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# tf.keras.metrics.Mean

## Class Mean

Computes the (weighted) mean of the given values.

### Aliases:

• Class tf.compat.v1.keras.metrics.Mean
• Class tf.compat.v2.keras.metrics.Mean
• Class tf.compat.v2.metrics.Mean

For example, if values is [1, 3, 5, 7] then the mean is 4. If the weights were specified as [1, 1, 0, 0] then the mean would be 2.

This metric creates two variables, total and count that are used to compute the average of values. This average is ultimately returned as mean which is an idempotent operation that simply divides total by count.

If sample_weight is None, weights default to 1. Use sample_weight of 0 to mask values.

#### Usage:

m = tf.keras.metrics.Mean()
m.update_state([1, 3, 5, 7])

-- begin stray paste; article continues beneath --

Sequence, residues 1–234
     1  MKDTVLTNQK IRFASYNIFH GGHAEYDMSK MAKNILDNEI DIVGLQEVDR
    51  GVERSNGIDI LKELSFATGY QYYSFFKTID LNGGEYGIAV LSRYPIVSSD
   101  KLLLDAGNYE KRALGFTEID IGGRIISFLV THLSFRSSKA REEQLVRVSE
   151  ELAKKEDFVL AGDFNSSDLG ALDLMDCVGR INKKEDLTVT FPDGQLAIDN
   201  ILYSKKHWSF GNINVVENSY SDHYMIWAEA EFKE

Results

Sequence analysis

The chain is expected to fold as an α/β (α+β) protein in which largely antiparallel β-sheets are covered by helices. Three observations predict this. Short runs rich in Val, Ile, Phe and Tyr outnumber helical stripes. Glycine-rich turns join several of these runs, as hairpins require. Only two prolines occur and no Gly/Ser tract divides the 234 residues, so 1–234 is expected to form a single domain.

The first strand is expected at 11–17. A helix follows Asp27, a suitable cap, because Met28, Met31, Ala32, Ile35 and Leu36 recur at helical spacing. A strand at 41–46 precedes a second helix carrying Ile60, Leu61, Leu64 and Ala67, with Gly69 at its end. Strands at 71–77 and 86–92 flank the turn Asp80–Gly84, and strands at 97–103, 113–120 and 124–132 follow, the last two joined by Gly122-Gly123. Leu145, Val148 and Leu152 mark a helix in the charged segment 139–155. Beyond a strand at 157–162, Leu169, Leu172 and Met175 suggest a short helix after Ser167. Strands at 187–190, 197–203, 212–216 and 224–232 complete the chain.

print('Final result: ', m.result().numpy())  # Final result: 4.0

Usage with tf.keras API:

model = tf.keras.Model(inputs, outputs)
model.add_metric(tf.keras.metrics.Mean(name='mean_1')(outputs))
model.compile('sgd', loss='mse')

## __init__

View source

__init__(
name='mean',
dtype=None
)

Creates a Mean instance.

#### Args:

• name: (Optional) string name of the metric instance.
• dtype: (Optional) data type of the metric result.

## Methods

### reset_states

View source

reset_states()

Resets all of the metric state variables.

This function is called between epochs/steps, when a metric is evaluated during training.

View source

result()

### update_state

View source

update_state(
values,
sample_weight=None
)

Accumulates statistics for computing the reduction metric.

For example, if values is [1, 3, 5, 7] and reduction=SUM_OVER_BATCH_SIZE, then the value of result() is 4. If the sample_weight is specified as [1, 1, 0, 0] then value of result() would be 2.

#### Args:

• values: Per-example value.
• sample_weight: Optional weighting of each example. Defaults to 1.

Update op.